The electrical stimulation parameters may control various parameters of the stimulation current applied to a stimulation site including, but not limited to, the frequency, pulse width, amplitude, waveform (e.g., square or sinusoidal), electrode configuration (i.e., anode-cathode assignment), burst pattern (e.g., burst on time and burst off time), duty cycle or burst repeat interval, ramp on time, and ramp off time of the stimulation current that is applied to the stimulation site. The drug stimulation parameters may control various parameters including, but not limited to, the amount of drugs infused at the stimulation site, the rate of drug infusion, and the frequency of drug infusion. For example, the drug stimulation parameters may cause the drug infusion rate to be intermittent, constant, or bolus. Other stimulation parameters that characterize other classes of stimuli are possible. For example, when tissue is stimulated using electromagnetic radiation, the stimulation parameters may characterize the intensity, wavelength, and timing of the electromagnetic radiation stimuli. When tissue is stimulated using mechanical stimuli, the stimulation parameters may characterize the pressure, displacement, frequency, and timing of the mechanical stimuli.
Specific stimulation parameters may have different effects on different stimulation sites and/or different patients. Thus, in some embodiments, the stimulation parameters may be adjusted by the patient, a clinician, or other user of the stimulator (140) as best serves the particular stimulation site or patient being treated. The stimulation parameters may also be automatically adjusted by the stimulator (140), as will be described below. For example, the stimulator (140) may increase excitement of a stimulation site, for example, by applying a stimulation current having a relatively low frequency (e.g., less than 100 Hz). The stimulator (140) may also decrease excitement of a stimulation site by applying a relatively high frequency (e.g., greater than 100 Hz). The stimulator (140) may also, or alternatively, be programmed to apply the stimulation current to a stimulation site intermittently or continuously.
Additionally, the exemplary stimulator (140) shown in
The pump (147) or controlled drug release device described herein may include any of a variety of different drug delivery systems. Controlled drug release devices based upon a mechanical or electromechanical infusion pump may be used. In other examples, the controlled drug release device can include a diffusion-based delivery system, e.g., erosion-based delivery systems (e.g., polymer-impregnated with drug placed within a drug-impermeable reservoir in communication with the drug delivery conduit of a catheter), electrodiffusion systems, and the like. Another example is a convective drug delivery system, e.g., systems based upon electroosmosis, vapor pressure pumps, electrolytic pumps, effervescent pumps, piezoelectric pumps and osmotic pumps. Another example is a micro-drug pump.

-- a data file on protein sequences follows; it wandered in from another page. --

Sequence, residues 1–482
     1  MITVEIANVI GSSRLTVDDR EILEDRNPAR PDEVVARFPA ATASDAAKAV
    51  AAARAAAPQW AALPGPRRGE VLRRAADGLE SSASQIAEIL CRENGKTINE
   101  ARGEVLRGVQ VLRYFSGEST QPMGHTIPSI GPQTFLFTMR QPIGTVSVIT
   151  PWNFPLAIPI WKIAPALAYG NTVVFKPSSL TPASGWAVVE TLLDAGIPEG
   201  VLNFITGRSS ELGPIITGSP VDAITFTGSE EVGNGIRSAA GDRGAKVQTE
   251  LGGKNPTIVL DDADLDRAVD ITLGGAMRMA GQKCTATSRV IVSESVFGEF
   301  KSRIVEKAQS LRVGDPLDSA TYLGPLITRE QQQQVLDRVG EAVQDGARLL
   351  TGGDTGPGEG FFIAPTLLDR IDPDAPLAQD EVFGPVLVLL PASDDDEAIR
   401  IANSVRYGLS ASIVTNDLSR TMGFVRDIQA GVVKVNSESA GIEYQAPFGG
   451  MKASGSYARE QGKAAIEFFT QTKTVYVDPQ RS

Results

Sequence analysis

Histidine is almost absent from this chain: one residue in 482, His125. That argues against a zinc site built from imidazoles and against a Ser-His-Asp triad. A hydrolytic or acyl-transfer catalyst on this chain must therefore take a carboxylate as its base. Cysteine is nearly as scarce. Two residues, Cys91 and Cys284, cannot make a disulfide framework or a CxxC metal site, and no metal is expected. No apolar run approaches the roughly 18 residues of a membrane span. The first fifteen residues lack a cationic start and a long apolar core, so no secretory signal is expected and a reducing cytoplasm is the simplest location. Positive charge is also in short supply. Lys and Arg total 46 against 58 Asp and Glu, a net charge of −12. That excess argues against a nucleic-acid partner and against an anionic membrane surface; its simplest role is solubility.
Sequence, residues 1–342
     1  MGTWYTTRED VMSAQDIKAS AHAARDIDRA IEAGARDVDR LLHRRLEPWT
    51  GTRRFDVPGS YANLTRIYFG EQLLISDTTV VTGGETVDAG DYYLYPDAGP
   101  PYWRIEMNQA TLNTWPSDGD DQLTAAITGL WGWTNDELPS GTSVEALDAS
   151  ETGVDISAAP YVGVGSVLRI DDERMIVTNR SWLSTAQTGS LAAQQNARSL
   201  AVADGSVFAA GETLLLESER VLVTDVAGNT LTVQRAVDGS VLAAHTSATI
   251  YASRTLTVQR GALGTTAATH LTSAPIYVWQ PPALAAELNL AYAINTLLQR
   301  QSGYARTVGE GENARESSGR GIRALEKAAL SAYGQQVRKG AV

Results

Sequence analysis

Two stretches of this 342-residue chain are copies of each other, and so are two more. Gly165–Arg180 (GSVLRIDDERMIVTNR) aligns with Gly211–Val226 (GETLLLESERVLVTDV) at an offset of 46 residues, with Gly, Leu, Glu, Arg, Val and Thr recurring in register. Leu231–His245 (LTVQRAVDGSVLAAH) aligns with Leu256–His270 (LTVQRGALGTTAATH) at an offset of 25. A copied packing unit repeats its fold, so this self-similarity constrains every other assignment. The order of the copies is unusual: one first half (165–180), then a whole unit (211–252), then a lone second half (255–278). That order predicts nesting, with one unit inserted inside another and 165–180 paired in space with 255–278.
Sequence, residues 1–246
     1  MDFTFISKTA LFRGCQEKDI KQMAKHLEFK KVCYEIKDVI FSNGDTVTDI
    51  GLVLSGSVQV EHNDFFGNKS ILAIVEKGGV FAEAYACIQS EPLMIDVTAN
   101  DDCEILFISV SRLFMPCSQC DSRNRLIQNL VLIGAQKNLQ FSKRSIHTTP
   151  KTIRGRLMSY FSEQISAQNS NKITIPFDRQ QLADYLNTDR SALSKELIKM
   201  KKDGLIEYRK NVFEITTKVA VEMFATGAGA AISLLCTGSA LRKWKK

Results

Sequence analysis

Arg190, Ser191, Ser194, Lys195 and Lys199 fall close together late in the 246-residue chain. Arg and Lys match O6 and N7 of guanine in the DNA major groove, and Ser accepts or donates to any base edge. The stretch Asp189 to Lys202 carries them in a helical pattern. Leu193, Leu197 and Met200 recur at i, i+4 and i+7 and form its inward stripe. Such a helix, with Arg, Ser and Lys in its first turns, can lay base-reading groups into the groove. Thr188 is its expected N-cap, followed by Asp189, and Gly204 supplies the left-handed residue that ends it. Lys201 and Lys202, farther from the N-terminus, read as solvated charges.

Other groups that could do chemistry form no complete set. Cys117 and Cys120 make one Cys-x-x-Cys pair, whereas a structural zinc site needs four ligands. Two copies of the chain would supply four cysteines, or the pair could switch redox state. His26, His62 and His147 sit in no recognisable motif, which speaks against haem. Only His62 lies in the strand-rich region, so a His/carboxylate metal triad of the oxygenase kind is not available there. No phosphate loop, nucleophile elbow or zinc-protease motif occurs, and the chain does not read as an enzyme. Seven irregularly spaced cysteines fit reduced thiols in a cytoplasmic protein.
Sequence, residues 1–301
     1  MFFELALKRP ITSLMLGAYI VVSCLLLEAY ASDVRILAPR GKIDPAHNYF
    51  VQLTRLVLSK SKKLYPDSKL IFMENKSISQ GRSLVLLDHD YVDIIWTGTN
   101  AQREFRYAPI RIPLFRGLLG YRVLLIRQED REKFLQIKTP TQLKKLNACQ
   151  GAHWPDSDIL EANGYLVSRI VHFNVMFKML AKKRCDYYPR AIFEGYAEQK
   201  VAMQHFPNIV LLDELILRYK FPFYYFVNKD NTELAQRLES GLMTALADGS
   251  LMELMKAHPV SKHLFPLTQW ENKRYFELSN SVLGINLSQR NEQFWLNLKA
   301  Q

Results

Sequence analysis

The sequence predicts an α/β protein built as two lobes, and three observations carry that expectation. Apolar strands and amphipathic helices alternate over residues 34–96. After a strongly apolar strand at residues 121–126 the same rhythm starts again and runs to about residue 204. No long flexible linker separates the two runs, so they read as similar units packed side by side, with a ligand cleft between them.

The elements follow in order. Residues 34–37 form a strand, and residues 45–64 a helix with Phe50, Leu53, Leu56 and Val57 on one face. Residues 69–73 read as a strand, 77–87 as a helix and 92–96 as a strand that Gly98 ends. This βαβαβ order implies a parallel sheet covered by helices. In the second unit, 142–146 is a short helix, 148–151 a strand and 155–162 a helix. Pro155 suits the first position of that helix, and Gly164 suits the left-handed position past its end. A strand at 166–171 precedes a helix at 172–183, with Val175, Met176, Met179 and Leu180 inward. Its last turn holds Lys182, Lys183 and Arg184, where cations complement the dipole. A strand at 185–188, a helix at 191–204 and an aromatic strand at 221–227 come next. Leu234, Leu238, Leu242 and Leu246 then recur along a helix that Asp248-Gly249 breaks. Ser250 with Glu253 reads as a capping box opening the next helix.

In some embodiments, the one or more drugs are infused chronically into the stimulation site. Additionally or alternatively, the one or more drugs may be infused acutely into the stimulation site in response to a biological signal or a sensed need for the one or more drugs.
The stimulator (140) of
Alternatively, the stimulator (140) may include an implantable microstimulator, such as a BION® microstimulator (Advanced Bionics® Corporation, Valencia, Calif.). Various details associated with the manufacture, operation, and use of implantable microstimulators are disclosed in U.S. Pat. Nos. 5,193,539; 5,193,540; 5,312,439; 6,185,452; 6,164,284; 6,208,894; and 6,051,017 and in U.S. Patent Publication No. 20040059392. All of these listed patents and publication are incorporated herein by reference in their respective entireties.
Some or all of the components of the stimulator (140) described above may be housed within a hermetically sealed enclosure configured to exclude water vapor but permit passage of electromagnetic fields used to transmit data and/or power. In some examples, the enclosure may be composed of biocompatible materials such as, but not limited to, glass, ceramic, metal, or any other material that provides a hermetic package.
As shown in
As mentioned, it is often difficult to connect each of the pins (101) to electronic circuitry within an enclosure (10) that is relatively small, such as one that may be used to the house electronic circuitry of an implantable device. Hence, as will be described in
An exemplary method of making the feedthru assembly (100) will now be described in connection with